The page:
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Background & aimsA proportion of infants and young children with inflammatory bowel diseases (IBDs) have subtypes associated with a single gene variant (monogenic IBD). We aimed to determine the prevalence of monogenic disease in a cohort of pediatric patients with IBD.MethodsWe performed whole-exome sequencing analyses of blood samples from an unselected cohort of 1005 children with IBD, aged 0-18 years (median age at diagnosis, 11.96 years) at a single center in Canada and their family members (2305 samples total). Variants believed to cause IBD were validated using Sanger sequencing. Biopsies from patients were analyzed by immunofluorescence and histochemical analyses.ResultsWe identified 40 rare variants associated with 21 monogenic genes among 31 of the 1005 children with IBD (including 5 variants in XIAP, 3 in DOCK8, and 2 each in FOXP3, GUCY2C, and LRBA). These variants occurred in 7.8% of children younger than 6 years and 2.3% of children aged 6-18 years. Of the 17 patients with monogenic Crohn's disease, 35% had abdominal pain, 24% had nonbloody loose stool, 18% had vomiting, 18% had weight loss, and 5% had intermittent bloody loose stool. The 14 patients with monogenic ulcerative colitis or IBD-unclassified received their diagnosis at a younger age, and their most predominant feature was bloody loose stool (78%). Features associated with monogenic IBD, compared to cases of IBD not associated with a single variant, were age of onset younger than 2 years (odds ratio [OR], 6.30; P = .020), family history of autoimmune disease (OR, 5.12; P = .002), extra-intestinal manifestations (OR, 15.36; P < .0001), and surgery (OR, 3.42; P = .042). Seventeen patients had variants in genes that could be corrected with allogeneic hematopoietic stem cell transplantation.ConclusionsIn whole-exome sequencing analyses of more than 1000 children with IBD at a single center, we found that 3% had rare variants in genes previously associated with pediatric IBD. These were associated with different IBD phenotypes, and 1% of the patients had variants that could be potentially corrected with allogeneic hematopoietic stem cell transplantation. Monogenic IBD is rare, but should be considered in analysis of all patients with pediatric onset of IBD.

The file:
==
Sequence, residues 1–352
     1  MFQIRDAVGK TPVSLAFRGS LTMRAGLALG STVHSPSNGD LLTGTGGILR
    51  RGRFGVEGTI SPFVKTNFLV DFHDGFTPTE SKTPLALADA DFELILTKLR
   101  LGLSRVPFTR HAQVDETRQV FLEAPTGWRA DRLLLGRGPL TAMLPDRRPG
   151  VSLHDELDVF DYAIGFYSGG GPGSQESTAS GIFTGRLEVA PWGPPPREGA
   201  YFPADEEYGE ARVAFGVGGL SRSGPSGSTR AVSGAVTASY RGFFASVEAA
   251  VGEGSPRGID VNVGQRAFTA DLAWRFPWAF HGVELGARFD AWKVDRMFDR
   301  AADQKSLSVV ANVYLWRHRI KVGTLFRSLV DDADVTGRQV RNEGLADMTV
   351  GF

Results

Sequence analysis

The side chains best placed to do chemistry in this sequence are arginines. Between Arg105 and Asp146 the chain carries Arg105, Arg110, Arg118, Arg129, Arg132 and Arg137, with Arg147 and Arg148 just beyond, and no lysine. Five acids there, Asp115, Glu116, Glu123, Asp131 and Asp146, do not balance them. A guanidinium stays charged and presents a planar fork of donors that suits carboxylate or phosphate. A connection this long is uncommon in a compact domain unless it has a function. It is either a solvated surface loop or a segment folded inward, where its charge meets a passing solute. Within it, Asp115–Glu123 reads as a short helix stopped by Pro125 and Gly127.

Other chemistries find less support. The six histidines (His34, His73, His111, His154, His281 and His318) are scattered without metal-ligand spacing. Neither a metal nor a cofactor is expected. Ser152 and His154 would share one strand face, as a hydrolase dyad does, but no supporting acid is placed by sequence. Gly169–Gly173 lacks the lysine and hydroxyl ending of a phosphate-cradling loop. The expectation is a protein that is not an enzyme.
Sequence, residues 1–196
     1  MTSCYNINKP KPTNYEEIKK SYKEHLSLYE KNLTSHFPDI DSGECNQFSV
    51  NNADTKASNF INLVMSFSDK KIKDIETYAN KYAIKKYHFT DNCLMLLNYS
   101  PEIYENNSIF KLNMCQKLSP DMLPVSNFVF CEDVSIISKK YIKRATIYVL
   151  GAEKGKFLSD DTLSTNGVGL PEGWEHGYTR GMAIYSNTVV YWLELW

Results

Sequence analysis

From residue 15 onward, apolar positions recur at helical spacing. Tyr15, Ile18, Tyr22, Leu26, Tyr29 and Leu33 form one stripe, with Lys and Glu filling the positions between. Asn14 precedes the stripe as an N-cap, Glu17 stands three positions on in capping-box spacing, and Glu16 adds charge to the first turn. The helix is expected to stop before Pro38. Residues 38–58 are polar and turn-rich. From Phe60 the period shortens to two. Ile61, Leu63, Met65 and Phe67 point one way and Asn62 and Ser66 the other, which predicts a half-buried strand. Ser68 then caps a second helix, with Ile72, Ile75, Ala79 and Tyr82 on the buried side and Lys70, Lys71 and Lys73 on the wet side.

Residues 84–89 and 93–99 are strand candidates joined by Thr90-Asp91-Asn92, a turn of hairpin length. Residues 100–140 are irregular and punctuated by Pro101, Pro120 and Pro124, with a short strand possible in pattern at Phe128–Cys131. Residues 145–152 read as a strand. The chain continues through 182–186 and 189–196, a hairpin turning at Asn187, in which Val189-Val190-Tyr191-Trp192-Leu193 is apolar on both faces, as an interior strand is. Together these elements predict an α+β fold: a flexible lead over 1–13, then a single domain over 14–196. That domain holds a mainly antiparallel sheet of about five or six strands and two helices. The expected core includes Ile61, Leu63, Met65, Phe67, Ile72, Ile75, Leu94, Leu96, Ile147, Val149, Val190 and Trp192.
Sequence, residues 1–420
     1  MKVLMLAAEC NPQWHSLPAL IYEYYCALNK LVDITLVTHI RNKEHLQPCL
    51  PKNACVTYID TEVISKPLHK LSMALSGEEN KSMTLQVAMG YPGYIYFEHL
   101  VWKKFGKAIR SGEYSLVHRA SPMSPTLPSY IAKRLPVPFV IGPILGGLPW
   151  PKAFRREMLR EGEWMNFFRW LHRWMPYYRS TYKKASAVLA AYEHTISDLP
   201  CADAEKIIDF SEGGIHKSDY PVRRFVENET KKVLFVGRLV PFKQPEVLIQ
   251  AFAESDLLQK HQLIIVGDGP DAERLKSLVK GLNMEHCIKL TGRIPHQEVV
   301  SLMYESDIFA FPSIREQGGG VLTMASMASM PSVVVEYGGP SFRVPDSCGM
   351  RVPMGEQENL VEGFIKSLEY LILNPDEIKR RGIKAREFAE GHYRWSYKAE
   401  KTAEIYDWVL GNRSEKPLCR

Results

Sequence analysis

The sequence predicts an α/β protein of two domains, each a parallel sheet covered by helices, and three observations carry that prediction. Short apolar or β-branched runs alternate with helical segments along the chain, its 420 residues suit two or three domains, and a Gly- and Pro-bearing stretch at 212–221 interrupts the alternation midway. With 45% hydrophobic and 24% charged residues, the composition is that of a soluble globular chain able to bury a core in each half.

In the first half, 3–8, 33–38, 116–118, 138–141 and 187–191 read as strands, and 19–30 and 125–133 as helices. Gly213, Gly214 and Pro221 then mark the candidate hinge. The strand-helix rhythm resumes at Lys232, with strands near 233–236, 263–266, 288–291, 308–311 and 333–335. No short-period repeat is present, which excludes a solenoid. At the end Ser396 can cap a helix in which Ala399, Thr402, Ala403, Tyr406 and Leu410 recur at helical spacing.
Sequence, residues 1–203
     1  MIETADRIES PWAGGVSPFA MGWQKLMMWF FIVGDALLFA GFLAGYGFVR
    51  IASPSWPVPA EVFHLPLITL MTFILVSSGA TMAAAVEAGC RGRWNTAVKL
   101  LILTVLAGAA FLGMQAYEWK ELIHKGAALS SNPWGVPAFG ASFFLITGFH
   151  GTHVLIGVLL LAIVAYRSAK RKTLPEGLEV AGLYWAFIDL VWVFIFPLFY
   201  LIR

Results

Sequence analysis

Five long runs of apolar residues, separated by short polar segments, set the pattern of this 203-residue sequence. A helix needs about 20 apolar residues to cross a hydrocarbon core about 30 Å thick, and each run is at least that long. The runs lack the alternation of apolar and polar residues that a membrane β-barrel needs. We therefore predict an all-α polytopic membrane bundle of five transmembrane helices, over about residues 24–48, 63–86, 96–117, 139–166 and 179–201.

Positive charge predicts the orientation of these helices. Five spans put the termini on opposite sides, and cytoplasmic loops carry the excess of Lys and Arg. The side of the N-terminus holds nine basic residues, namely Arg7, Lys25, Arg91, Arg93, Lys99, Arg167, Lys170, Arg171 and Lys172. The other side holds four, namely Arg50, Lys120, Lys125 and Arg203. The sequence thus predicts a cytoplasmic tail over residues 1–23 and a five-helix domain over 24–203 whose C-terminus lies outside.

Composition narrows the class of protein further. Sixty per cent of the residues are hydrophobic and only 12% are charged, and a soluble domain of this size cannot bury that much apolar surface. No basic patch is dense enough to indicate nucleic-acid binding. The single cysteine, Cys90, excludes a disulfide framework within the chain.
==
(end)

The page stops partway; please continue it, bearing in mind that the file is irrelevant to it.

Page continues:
Original publication




Journal article



Publication Date





2208 - 2220


SickKids Inflammatory Bowel Disease Center, The Hospital for Sick Children, Toronto, Ontario, Canada; School of Medicine, Conway Institute, University College Dublin, Dublin, Ireland; Division of Pediatric Gastroenterology, Western University, Children's Hospital, London Health Sciences Centre, London, Ontario, Canada.


Humans, Colitis, Ulcerative, Crohn Disease, Genetic Predisposition to Disease, Biological Products, Treatment Outcome, Hematopoietic Stem Cell Transplantation, Transplantation, Homologous, Prevalence, Risk Assessment, Risk Factors, Age Factors, Phenotype, Adolescent, Child, Child, Preschool, Infant, Infant, Newborn, Ontario, Female, Male, Genetic Variation, Whole Exome Sequencing